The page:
The city of Boston is trying to get back to normal. Tuesday many gathered near the explosion site to pay tribute to the victims.
Tufts University freshman and Fogelsville native Jake Hoover says he not only heard but felt Monday's explosions while cheering on friends at the finish line of the Boston Marathon.
"It was like really, this is happening. I don't think anyone expected to be in midst of an explosion," he said.
Tuesday brought not only the glare of the lens but also tears, hugs and prayer.
Tributes were paid and placed on a shut down Boylston Street to those injured or killed in the blast, which happened just a few blocks away.
"It's pretty surreal, yet you know just wanted to be out and about," said runner Bob Martin.
Martin was one of a large numbers of runners who returned to the scene. Runners like Heather Aften from Alaska hugged her kids extra tight after placing a flower at the makeshift memorial.
"It seemed like the right thing to do and wanted my kids to be part of it too," she said.
Mixed into the tribute was a large contingent of cops, SWAT and K9 units could be seen --just part of the huge police presence the city placed near the site.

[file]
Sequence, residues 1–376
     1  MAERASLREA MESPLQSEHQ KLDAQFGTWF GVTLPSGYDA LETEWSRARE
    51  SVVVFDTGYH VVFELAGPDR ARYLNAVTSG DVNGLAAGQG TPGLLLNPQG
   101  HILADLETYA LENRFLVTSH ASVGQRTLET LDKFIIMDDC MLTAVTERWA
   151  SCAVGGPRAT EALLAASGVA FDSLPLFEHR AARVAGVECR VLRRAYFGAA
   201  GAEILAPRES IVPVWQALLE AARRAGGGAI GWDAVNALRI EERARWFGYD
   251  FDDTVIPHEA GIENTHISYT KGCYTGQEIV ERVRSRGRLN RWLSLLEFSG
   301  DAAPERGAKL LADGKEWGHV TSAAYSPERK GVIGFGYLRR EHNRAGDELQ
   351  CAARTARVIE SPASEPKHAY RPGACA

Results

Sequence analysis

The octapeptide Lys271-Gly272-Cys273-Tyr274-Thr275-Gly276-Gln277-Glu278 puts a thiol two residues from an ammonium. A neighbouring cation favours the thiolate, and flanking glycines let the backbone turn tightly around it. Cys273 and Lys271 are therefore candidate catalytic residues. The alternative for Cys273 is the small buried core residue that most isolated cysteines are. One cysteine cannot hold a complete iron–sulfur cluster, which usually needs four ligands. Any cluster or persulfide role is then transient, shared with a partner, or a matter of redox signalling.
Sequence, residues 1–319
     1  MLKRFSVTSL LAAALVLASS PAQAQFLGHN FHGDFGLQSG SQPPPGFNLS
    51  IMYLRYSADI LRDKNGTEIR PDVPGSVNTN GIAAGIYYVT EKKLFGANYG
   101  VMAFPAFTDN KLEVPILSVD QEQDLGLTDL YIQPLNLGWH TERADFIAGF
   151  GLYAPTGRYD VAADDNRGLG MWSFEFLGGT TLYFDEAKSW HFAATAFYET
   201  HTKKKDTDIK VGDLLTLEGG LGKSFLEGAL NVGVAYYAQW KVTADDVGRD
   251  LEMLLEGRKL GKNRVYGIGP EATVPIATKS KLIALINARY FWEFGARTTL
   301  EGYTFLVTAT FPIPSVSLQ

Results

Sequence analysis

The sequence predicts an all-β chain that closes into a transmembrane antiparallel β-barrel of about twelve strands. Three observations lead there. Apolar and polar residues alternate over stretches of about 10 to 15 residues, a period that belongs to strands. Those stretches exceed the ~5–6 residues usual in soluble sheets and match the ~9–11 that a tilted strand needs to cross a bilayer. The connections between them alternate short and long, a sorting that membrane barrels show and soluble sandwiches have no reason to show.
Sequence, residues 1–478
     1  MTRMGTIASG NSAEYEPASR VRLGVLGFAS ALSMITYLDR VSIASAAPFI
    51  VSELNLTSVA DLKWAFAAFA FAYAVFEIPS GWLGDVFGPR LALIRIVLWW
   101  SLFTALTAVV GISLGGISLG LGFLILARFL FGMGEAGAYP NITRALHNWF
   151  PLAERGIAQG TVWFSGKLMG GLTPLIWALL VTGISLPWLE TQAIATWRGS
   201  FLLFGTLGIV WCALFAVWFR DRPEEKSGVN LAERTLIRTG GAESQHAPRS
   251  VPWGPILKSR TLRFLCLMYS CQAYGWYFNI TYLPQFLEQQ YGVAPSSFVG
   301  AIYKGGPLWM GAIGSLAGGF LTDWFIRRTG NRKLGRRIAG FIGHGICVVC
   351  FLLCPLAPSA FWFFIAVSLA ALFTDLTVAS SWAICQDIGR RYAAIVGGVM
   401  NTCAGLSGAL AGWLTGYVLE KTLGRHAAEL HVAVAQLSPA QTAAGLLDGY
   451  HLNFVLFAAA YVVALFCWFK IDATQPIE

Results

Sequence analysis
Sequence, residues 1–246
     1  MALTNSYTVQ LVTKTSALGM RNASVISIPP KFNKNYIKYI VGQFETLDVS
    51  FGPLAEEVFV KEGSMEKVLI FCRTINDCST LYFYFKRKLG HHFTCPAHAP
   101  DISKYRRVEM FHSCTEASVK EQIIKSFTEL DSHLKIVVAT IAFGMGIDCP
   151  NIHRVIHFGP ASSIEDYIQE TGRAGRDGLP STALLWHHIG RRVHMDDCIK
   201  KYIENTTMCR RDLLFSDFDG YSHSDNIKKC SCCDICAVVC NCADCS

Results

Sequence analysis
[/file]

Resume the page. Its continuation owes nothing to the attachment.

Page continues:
As Tuesday progressed, things got back to normal. Stores may not be open but the street is and the memorial moved and got bigger.
But the emotion was the same: tears for some, a deep realization for others and a show of support by many.
"Not so much a ground zero as trying to recapture what was lost yesterday," Craig Pieffer said.
The Reading man, who ran the race, says in the fraternity that is the runners world, no single act, no matter how horrific, can stop the determined.
"That was camaraderie, sharing of that experience of Boston. Getting to explain how we did and when we will come back again," he said.
Proving that Boston may be down but certainly not without support.